The gallery continues to grow

International master Vladimir Barsky prepared an overview of the seventh round of the world Junior championship. Polish GM Jan-Krzysztof Duda became the sole leader, have won already the fourth game in a row.

Th. Van Forest J.-C. Duda


The position is about equal, but Black to play, probably a little easier: they seized space on the Queenside, they have some “leads”. Dutch Junior decided to simplify the position.

17.a3 Rb8 18.axb4 Rxb4 19.Nc6

Perhaps White thought that numerous exchanges shortest route will lead the party to draw. But did not realize that Black’s pieces will develop a high activity.

19…Bxc6 20.dxc6 Rxb2 21.Rxa7 Nxc6 22.Bxc6 Qxc6 23.Raxe7 Rxe7 24.Bxe7 Bc3!

After 24…Rxc2 25.Qxd6 rivals and indeed it is time to sign the papers. But this intermediate move changes the position rating.


Witty attempt, but it fails. To maintain material equality, White is no longer possible – 25.Re3 Be5 26.Re2? Qb7! with double strike on E7 and b1, so one would ponder how to assess Black task. Instead of 26.Re2? stronger 26.Qf3 Qxc2 27.Kg2, and Black is not so easy to put in motion his extra pawn.


25…Rb7! 26.Qh6 Qe8 27.Re3 Rxe7 28.Rxc3

White managed to keep the C2 pawn, but too high a price: their figures are scattered around the Board and protect his monarch. Black start a decisive attack.

28…Re1+ 29.Kg2 Qe4+ 30.Rf3

A very modest role for the Rook, but nothing else.

30…Qe2! 31.Re3 Qf1+ 32.Kf3 Qh1+ 33.Kf4 Qg2

Beautifully won 33…Rxe3 34.fxe3 34.Kxe3 should blow through 34…Qc1+) 34…Qf1+ 35.Ke4 Qd1!, and White has no reasonable protection from the threat of 36…f5+.

34.Rxe1 Qxf2+ 35.Ke4 Qxe1+ 36.Qe3

«Pawn endgames» without pawns is as bad as Queen without two.

36…Qxe3+ 37.Kxe3


37…f6 38.Ke4 Kf7 39.Kd5 Ke7 40.c4 g5 41.Kd4 Ke6 42.Ke4 f5+ 43.Kd4 g4 White resigned.


Grigoryan – U. Bajarani


Black played very risky debut, creating a lot of pawn weaknesses, and activity figures only partly compensates for these chronic deficiencies positions. After careful 23.Re1! (untying the Knight C4) 23…Nxd4 24.Nd2 hanging pawns on C7 and E4, and Black will be a difficult defense. However, White made a mistake.

23.Qg4? h5!

Extremely unpleasant prick! The h5 pawn can’t be taken – 24.Qxh5? Nxe3 and White without figures, the E4 pawn is also “inedible”: 24.Qxe4?! Qxe4 25.Bxe4 Nxd4 26.Bxd4 (you have to change the Bishop, as at 26.Rb1 should…Nxb3 26) 26…Bxd4 27.Kg2 Rbd8, and Black has a very active position. Have to retreat with the Queen.

24.Qe2 Rf7 25.Qc2 Nxd4 26.Bxd4 Bxc4?!

Correctly 26…Bxd4 27.Bxe4 Qg5, and this position in Black’s favor.


Return the favor. After 27.Bxe4 Qxd4 28.Qxc4 Qxc4 29.Rxc4 White may not have won it’s the end, but was pretty tough opponent.


Probably, taKing the pawn on A7, White reckoned on taKing…Bxb3 27, and then the turn 28.Bxe4! allowed them to firmly seize the initiative. However, the Azerbaijani grandmaster had prepared a nasty surprise.

27…Bd3! 28.Qc6 Ra8 29.Be3 Bc3

Black Bishops captured the entire Board! In the case of exchange of Queens ending is hopeless for White: they will lose and the A5 pawn, and the pawn on b3. It is necessary for each of formidable Bishops to give the Rook.

30.Rxc3 bxc3 31.Qxc3 Bxf1 32.Bxf1 Rxa5

And Black soon converted two extra quality.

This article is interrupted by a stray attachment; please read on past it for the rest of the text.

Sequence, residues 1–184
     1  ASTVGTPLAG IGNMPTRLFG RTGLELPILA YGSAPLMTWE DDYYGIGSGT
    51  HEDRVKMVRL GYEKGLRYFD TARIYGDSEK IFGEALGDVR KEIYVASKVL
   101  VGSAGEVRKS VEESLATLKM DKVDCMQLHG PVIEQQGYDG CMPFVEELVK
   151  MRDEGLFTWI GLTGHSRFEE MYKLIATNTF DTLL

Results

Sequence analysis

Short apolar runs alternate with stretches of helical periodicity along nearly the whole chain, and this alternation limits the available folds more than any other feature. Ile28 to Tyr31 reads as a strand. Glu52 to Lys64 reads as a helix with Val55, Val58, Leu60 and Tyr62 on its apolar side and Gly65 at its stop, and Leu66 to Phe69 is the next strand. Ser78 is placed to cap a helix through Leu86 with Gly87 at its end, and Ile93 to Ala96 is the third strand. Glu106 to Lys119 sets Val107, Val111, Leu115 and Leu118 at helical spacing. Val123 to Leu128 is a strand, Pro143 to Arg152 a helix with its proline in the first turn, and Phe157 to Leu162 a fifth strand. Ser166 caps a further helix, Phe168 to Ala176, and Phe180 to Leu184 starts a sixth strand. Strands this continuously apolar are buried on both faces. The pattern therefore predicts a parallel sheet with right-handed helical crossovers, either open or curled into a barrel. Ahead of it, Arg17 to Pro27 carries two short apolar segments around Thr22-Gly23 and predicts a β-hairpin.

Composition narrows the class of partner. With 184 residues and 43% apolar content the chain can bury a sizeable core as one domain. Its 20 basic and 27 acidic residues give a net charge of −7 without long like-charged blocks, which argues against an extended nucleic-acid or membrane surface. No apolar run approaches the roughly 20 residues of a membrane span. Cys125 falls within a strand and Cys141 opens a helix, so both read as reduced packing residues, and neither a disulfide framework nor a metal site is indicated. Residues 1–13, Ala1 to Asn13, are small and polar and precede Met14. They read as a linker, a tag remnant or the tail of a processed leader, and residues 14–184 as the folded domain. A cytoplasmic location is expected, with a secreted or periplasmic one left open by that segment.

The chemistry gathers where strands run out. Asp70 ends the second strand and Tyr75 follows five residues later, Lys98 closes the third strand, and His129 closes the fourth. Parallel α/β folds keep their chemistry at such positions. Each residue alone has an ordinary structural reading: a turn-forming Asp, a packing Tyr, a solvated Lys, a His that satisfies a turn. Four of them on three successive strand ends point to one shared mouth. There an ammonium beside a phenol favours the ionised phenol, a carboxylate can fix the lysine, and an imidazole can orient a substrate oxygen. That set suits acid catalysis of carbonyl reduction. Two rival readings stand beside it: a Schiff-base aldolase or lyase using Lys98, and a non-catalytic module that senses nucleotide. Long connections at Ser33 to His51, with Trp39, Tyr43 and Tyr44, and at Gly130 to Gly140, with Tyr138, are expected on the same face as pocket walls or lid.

33.Bc4 Qd1+ 34.Kg2 Ra1 35.Be2

35.Qe5 was decided 35…Qf3+ 36.Kh3 Qf5+ 37.Qxf5 exf5.

35…Qh1+ 36.Kh3 Rg1 37.Bxh5 Qg2+

Black could finish the game direct attack: 37…Rf5 38.Bg4 (not rescued and 38.Be2 Qg2+ 39.Kg4 Qxh2 40.Rh1 Bg5) 38…Qg2+ 39.Kh4 Qxh2+ 40.Bh3 Rh1, etc.

38.Kg4 Qf3+ 39.Kh4 Qf6+ 40.Qxf6 Rxf6 41.Kg5 Rf5+ 42.Kg6 Rg2 43.Bg4 Rgxf2 White resigned.


Murali. Antipov


This is approximately equal to the endgame (the Black Rook is more active White, but the Knight is stronger than the Bishop), White decided to send his Rook in the attack.


A clear path to a draw – 32.c4 Rb2 33.Rh1, for example: 33…Rxb3 34.Rh7 f6 35.Rh8 Kd7 (after 35…Bb6? 36.Rc8+ Black remain without figures) 36.Rh7+ Kc6 with repetition of moves. Although it is possible that White at this point did not wanted to draw.

32…Rxc2 33.Rh7 Rb2 34.b5+?

And here after 34.Rxf7 Rxb3 35.Bb6 Rf8 36.Rc8+ (36.Rf5 Bd8 37.Rf8) 36…Kb5 37.Rb8 Black would have to accept the outcome of a draw.

34…Kxb5 35.Rxf7 Ba5 36.Rxb7+ Kc5 37.Ra7 Be1+ 38.Kh3 a5 39.Rc7+ Kd4

Active King gives Black excellent winning chances.

40.Rc6 Rxb3 41.Kg2 Rb2+ 42.Kh3

No better and 42.Kg1 Kd3 43.Rxd6 Ke2 or 42.Kf1 Bb4.

42…Bb4 43.Nxb4 axb4 44.Rxd6+ Ke3 45.Re6



Begins beautiful game on the checkmate. And Black helps the enemy pawn g4, which limits the White King.

46.Rxe5 Rb1 47.Kh2 Rd1! 48.Rxg5 Rd8 49.Rh5 b3 50.Kh1 Kg3 White resigned.

This 12-way party should take its rightful place in the gallery named after Anatoly Matsukevich.


Galoyan A. Makarenko

1.e4 e5 2.Nf3 Nc6 3.d4 exd4 4.Nxd4 Qh4

Favorite version of Steinitz in the Scottish party in our days is questionable, however, White was not yet ready for it.

5.Qd3 Bc5 6.c3 Nf6 7.Nd2 Ng4 8.g3 Qf6 9.f3 Bxd4

Start the erroneous combination. The preponderance of Black provided 9…Nge5 10.Qe3 0-0, but… But in this case, no miniatures certainly would not have happened!

10.cxd4 Nb4 11.Qc3 Ne3



These Bouncing everywhere, flickering before the eyes of the Knights confused Susanna Galoyan, and she is grossly mistaken.

12…Nd1+ White resigned.

Meanwhile, in the position in the diagram it was possible to reflect all threats and stay with an extra piece: 12.Bd3! Qxd4 13.Ke2! or 12…Nxd3+ 13.Qxd3 Qxd4 14.Ke2! Once again, remember Steinitz: the King is a powerful figure!